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Anticipated Inflation, Real Disturbances and Money Demand: The Case of Chinese Hyperinflation, 1946-49

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Listed:
  • Ellis W. Tallman

    () (Research Officer and Senior Eonomist Federal Reserve Bank of Atlanta)

  • De-piao Tang

    (Hong Kong University of Science and Technology)

  • Ping Wang

    () (Department of Economics, Vanderbilt University)

Abstract

This paper re-examines the dynamics of hyperinflation extending the standard Cagan framework. In our theoretical model, we allow the relative price of capital goods in units of consumption goods to vary in order to examine interactions between the real and monetary sectors. The theory generates empirically testable implications that suggest expanding the standard Caganian money demand function to include both anticipated inflation and relative price effects in a nonlinear fashion. Employing data from the post-WWII Chinese hyperinflationary episode, the empirical findings suggest that conventional econometric investigations of money demand during hyperinflations overlook important nonlinear interactions between real and monetary activities, and hence, underestimate the true welfare costs of hyperinflation.

Suggested Citation

  • Ellis W. Tallman & De-piao Tang & Ping Wang, 2001. "Anticipated Inflation, Real Disturbances and Money Demand: The Case of Chinese Hyperinflation, 1946-49," Vanderbilt University Department of Economics Working Papers 0134, Vanderbilt University Department of Economics, revised Dec 2001.
  • Handle: RePEc:van:wpaper:0134
    as

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    References listed on IDEAS

    as
    1. Stockman, Alan C., 1981. "Anticipated inflation and the capital stock in a cash in-advance economy," Journal of Monetary Economics, Elsevier, vol. 8(3), pages 387-393.
    2. Wang, Ping & Yip, Chong K, 1992. "Alternative Approaches to Money and Growth," Journal of Money, Credit and Banking, Blackwell Publishing, vol. 24(4), pages 553-562, November.
    3. Tallman, Ellis W. & Wang, Ping, 1995. "Money demand and the relative price of capital goods in hyperinflations," Journal of Monetary Economics, Elsevier, vol. 36(2), pages 375-404, November.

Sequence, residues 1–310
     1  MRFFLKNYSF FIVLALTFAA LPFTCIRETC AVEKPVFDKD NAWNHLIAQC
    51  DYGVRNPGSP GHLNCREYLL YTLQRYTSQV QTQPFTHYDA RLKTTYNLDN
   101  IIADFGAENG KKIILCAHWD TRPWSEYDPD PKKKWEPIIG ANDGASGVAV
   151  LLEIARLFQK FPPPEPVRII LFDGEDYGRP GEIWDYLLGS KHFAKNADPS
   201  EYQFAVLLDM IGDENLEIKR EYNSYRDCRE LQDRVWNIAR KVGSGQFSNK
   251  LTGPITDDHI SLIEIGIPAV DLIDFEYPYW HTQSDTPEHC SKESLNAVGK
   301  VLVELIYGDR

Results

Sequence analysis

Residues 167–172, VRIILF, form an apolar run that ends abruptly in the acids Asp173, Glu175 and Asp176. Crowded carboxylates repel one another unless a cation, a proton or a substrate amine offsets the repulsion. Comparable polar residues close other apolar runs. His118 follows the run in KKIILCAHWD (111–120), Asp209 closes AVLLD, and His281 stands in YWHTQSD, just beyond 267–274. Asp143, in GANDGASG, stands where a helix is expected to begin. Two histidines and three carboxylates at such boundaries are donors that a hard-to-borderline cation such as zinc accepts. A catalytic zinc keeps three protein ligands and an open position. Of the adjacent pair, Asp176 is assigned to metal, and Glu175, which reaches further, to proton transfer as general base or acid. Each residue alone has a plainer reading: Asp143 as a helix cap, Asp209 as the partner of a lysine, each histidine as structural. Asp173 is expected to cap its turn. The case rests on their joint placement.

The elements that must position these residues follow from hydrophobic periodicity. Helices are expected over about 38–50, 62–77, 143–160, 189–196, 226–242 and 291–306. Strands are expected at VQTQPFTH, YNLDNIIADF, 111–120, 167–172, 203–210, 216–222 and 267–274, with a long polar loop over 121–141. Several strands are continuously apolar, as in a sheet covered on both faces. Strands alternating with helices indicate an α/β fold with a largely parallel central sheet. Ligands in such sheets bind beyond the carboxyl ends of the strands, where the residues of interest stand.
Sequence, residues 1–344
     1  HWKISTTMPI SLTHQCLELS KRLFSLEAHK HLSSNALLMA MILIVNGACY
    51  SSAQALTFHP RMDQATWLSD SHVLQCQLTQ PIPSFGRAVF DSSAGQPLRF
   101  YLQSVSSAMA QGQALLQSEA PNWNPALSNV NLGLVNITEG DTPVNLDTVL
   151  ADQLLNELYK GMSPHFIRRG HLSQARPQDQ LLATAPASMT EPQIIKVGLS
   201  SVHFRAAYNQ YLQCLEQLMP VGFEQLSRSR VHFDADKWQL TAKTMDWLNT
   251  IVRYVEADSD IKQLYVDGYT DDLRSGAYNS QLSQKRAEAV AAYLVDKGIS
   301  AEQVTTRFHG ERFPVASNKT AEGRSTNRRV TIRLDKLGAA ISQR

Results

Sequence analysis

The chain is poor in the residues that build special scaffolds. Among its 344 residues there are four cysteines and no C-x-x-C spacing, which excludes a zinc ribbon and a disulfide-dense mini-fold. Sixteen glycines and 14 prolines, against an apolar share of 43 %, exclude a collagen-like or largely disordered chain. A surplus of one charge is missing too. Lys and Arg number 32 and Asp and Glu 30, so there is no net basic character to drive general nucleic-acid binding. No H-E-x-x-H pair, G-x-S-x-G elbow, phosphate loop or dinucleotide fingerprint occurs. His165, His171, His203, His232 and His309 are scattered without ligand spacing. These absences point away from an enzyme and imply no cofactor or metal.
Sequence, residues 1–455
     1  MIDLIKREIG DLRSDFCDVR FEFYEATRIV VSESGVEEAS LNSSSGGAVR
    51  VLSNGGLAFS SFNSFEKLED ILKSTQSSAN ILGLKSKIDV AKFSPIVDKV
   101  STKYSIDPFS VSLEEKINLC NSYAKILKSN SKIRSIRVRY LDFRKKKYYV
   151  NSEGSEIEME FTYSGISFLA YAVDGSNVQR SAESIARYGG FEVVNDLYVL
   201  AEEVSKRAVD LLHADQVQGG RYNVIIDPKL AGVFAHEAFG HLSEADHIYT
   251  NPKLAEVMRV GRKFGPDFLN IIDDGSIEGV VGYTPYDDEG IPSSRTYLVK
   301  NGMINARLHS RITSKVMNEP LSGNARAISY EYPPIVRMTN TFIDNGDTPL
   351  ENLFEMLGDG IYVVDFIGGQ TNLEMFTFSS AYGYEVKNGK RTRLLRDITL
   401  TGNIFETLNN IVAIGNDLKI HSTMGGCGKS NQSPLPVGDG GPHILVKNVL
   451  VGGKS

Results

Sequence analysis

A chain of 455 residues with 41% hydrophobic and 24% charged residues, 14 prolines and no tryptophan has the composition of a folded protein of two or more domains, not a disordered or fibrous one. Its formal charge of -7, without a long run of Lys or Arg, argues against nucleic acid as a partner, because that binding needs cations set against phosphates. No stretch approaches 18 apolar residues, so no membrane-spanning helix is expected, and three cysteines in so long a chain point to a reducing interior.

4. Rogers, John H & Wang, Ping, 1993. "Sources of Fluctuations in Relative Prices: Evidence from High Inflation Countries," The Review of Economics and Statistics, MIT Press, vol. 75(4), pages 589-605, November.
    5. Frenkel, Jacob A, 1977. "The Forward Exchange Rate, Expectations, and the Demand for Money: The German Hyperinflation," American Economic Review, American Economic Association, vol. 67(4), pages 653-670, September.
    6. Policano, Andrew J. & Choi, Eun Kwan, 1978. "The effects of relative price changes on the household's demand for money," Journal of Monetary Economics, Elsevier, vol. 4(4), pages 743-753, November.
    7. Pagan, Adrian, 1984. "Econometric Issues in the Analysis of Regressions with Generated Regressors," International Economic Review, Department of Economics, University of Pennsylvania and Osaka University Institute of Social and Economic Research Association, vol. 25(1), pages 221-247, February.
    8. Lucas, Robert E, Jr, 1980. "Equilibrium in a Pure Currency Economy," Economic Inquiry, Western Economic Association International, vol. 18(2), pages 203-220, April.
    9. Clements, Kenneth W & Nguyen, Phuong, 1980. "Money Demand, Consumer Demand and Relative Prices in Australia," The Economic Record, The Economic Society of Australia, vol. 56(155), pages 338-346, December.
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